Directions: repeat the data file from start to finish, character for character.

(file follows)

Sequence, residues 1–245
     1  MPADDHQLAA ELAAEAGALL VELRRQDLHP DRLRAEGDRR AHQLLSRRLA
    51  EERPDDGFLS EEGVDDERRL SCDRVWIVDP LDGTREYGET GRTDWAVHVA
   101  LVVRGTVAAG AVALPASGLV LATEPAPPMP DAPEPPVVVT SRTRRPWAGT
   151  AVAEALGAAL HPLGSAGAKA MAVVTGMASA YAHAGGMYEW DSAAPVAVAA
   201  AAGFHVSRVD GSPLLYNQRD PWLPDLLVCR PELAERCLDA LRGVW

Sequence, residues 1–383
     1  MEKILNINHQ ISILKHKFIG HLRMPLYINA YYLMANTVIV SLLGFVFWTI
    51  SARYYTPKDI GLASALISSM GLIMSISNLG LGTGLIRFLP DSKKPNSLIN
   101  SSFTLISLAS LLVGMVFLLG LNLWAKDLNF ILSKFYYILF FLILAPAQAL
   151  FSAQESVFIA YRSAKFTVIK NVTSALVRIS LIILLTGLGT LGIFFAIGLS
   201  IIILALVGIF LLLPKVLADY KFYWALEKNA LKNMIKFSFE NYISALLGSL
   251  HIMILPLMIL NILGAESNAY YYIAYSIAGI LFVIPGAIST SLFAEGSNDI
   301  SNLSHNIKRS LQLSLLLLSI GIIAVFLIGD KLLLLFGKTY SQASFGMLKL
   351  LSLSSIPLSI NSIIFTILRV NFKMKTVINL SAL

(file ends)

Sequence, residues 1–245
     1  MPADDHQLAA ELAAEAGALL VELRRQDLHP DRLRAEGDRR AHQLLSRRLA
    51  EERPDDGFLS EEGVDDERRL SCDRVWIVDP LDGTREYGET GRTDWAVHVA
   101  LVVRGTVAAG AVALPASGLV LATEPAPPMP DAPEPPVVVT SRTRRPWAGT
   151  AVAEALGAAL HPLGSAGAKA MAVVTGMASA YAHAGGMYEW DSAAPVAVAA
   201  AAGFHVSRVD GSPLLYNQRD PWLPDLLVCR PELAERCLDA LRGVW

Sequence, residues 1–383
     1  MEKILNINHQ ISILKHKFIG HLRMPLYINA YYLMANTVIV SLLGFVFWTI
    51  SARYYTPKDI GLASALISSM GLIMSISNLG LGTGLIRFLP DSKKPNSLIN
   101  SSFTLISLAS LLVGMVFLLG LNLWAKDLNF ILSKFYYILF FLILAPAQAL
   151  FSAQESVFIA YRSAKFTVIK NVTSALVRIS LIILLTGLGT LGIFFAIGLS
   201  IIILALVGIF LLLPKVLADY KFYWALEKNA LKNMIKFSFE NYISALLGSL
   251  HIMILPLMIL NILGAESNAY YYIAYSIAGI LFVIPGAIST SLFAEGSNDI
   301  SNLSHNIKRS LQLSLLLLSI GIIAVFLIGD KLLLLFGKTY SQASFGMLKL
   351  LSLSSIPLSI NSIIFTILRV NFKMKTVINL SAL